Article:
Wednesday, November 19, 2008

Wisdom From 1880

Holliday Ellwood Hartman married Ida Zeigler, the fifth of ten children born to Samuel Boyer Zeigler and Katherine Scheidemantel Rader. My great-great-grandfather Samuel Zeigler (1862-1915) was a milk delivery man, and so far the only other thing I know about him is that he owned "Webster's Encyclopedia of Useful Information and World's Atlas" published in 1880. On the inside cover, he wrote his name (twice ... spelled Ziegler and then Zeigler) and town (twice ... spelled Zelienopele and then Zelienople) and the date (once ... July 18, 1891). He also noted six page numbers: 470, 426, 94, 139, 422.

Page 470 - There's an arrow next to the brief article "Marking Tools," which explains how to engrave your name or some other mark on your steel or iron tools. First, cover the tool in a thin layer of beeswax and make your mark with a sharp object. "Clear with a feather, fill the letters with nitric acid, let it remain from one to ten minutes, then dip in water and run off, and the marks will be etched into the steel or iron."

Page 426 - There are arrows next to three articles on this page: "Superstitions Regarding Babies," "To Catch Fish," and "Ladies' Stamping Powder." My favorite was the baby one, which includes:
Born on Monday, fair in the face;
Born on Tuesday, full of God's grace;

Born on Wednesday, the best to be had;

Born on Thursd
ay, merry and glad;
Born on Friday, worthily given;
Born on Saturday, work hard for a living;

Born on Sunday, shall never know want.

I googled my birthday and found that I was born on the worst possible day of the week.

Page 94 - Between "Hive Syrup" and "How to Soften Hands," Samuel drew an arrow next to "How to Clean the Hair" :
From the too frequent use of oils in the hair, many ladies destroy the tone and color of their tresses. The Hindoos have a way of remedying this. They take a hand basin filled with cold water, and have ready a small quantity of pea flour. The hair is in the first place submitted to the operation of being washed in cold water, a handful of the pea flour is then applied to the head and rubbed into the hair for ten minutes at least, the servant adding fresh water at short intervals, until it becomes a perfect lather. The whole head is then washed quite clean with copious supplies of the aqueous fluid, combed, and afterwards rubbed dry by means of coarse towels. The hard and soft brush is then resorted to, when the hair will be found to be wholly free from all encumbering oils and other impurities, and assume a glossy softness, equal to the most delicate silk. This process tends to preserve the tone and natural color of the hair, which is so frequently destroyed by the too constant use of caustic cosmetics.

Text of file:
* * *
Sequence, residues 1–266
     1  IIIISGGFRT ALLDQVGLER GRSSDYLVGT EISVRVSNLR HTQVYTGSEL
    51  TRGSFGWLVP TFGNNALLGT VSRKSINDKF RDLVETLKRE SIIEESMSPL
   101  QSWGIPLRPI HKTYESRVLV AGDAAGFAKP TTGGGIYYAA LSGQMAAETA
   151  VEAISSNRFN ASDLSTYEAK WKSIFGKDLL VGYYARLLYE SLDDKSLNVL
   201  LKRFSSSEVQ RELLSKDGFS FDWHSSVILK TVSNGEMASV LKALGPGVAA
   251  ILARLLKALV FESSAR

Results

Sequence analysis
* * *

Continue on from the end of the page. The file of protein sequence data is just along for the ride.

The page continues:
Page 139 - In the section "Choice Poems," my great-great-grandfather chose "The Murderer, an unpublished poem by Edgar Allen [sic] Poe." I don't really understand how it's unpublished when it appears here in the encyclopedia, but here's the first of seven stanzas:
Ye glittering stars ! how fair ye shine to-night,
And O, thou beauteous moon ! thy fairy light

Is peeping thro' those iron bars so near me.
How silent is the night-how clear and bright !
I nothing hear, nor aught there is to hear me.

Shunned by all, asif the world did fear me;

Alone in chains ! Ah, me ! the cursed spell

That brought me here. Heaven could not cheer me

Within these walls-within this dark cold cell,

This gloomy, dreary, solitary hell.

Page 422 - Here, Samuel drew an arrow next to the article "Business Law" and circled "Signatures made with a lead pencil are good in law."

Page 268 - Foreign and United States Patents

A ripped and yellowed newspaper page fell out of the encyclopedia. I think it's from a Pittsburgh paper, but I don't know the date. Cremo Cigars were offered On Every Street for 5 cents, and Pittsburg [sic - it used to be spelled like that] beat Chicago 5 to 2 in the Federal League. Panama hats were popular, and a lady was offering a $25 reward for her lost diamond ring. My favorite ad is under SPECIAL NOTICES: "I WILL NOT be responsible for any debts contracted by my wife, Mrs. Bridget Warren, after this date, she having left my bed and board. John Warren, Sr."

In conclusion, was my great-great-grandfather the milk delivery man possessive about his tools, superstitious about babies, meticulous about clean hair, interested in literature, protective of his rights, and an aspiring inventor? The only thing I know for sure is that he was a poor speller.

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